# What is the resultant acuity?

Hello, I’ve been wondering what is the ‘resultant acuity’ when you actually put lenses that is NOT your full prescription.

Let’s say you have an acuity of
OD -3.00
OS -3.00

If you decide to wear a pair of -2.00, does this mean you have an acuity of -1.00 of spherical? Is the resultant acuity just x – y?

What if you wear a pair of -4.00 glasses? What is your resultant acuity? A +1.00 hyperopia? Since -3.00 – (-4.00) = +1.00. Yes?

Now, let’s say you wear your full prescription of -3.00s. This means you have 20/20 vision, or an acuity of 0. And you decide to wear a +1.00 lens ON TOP of your glasses again. What would happen? Will you see the world in -1.00?

I hope you’re able to follow my thought process here. What do you think?

This is what I have been wondering as well. I wonder how I can work out my actual acuity from distance to blur with a differential lens. It does not seem as straightforward as x-y. I found measuring distance to blur with a differential lens over the space of a year has given me an increased distance to blur that does not correlate with the improvement in my naked eye distance to blur measurements. It must be a measure of some improvement, but what?

Yes.

I think it has to do more with the subjectivity of the cm measurement, where blur adaptation can also make a big difference. Theoretically (so by optics) it should be a simply x-y.

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Thanks, I had forgotten that as soon as I put on a lens I lose some clinical blur adaptation. I think another problem is that my differential lens for the left eye has insufficient cylinder correction. This also makes it difficult to measure Snellen lines with what I guess would be a norm lens (also insufficient cylinder). I can read the line through the astigmatic distortion, but as with naked eye cm measurements, it is difficult to separate spherical blur from astigmatism effects. This is quite apart from the fact that being able to read the 20/20 line does not mean there is no myopia left. I think that none of my measurements are very accurate on account of astigmatism. Three ways of measuring, none of them really accurate.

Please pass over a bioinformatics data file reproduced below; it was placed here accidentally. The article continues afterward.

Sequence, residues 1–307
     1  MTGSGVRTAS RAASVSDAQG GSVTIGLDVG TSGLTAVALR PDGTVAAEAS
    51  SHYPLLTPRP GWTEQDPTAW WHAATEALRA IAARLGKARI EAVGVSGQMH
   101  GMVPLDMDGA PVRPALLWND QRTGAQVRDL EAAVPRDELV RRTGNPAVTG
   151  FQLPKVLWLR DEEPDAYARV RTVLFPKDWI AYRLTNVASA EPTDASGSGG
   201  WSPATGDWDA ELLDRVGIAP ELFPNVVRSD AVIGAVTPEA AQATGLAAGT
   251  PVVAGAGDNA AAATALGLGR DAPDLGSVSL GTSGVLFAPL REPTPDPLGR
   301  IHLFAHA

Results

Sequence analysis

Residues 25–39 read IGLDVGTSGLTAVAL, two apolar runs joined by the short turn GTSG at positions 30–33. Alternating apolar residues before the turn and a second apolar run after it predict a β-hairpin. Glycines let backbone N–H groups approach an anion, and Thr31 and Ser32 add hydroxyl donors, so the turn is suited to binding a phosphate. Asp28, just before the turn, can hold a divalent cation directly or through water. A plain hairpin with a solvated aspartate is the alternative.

I assume that increase in distance to blur with a differential lens must be some indication of improvement, and that is all that really matters, even if it does not correlate well with the other two measures…

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In contact lenses, it is.
That is why in physics it is called “thin lens formula”.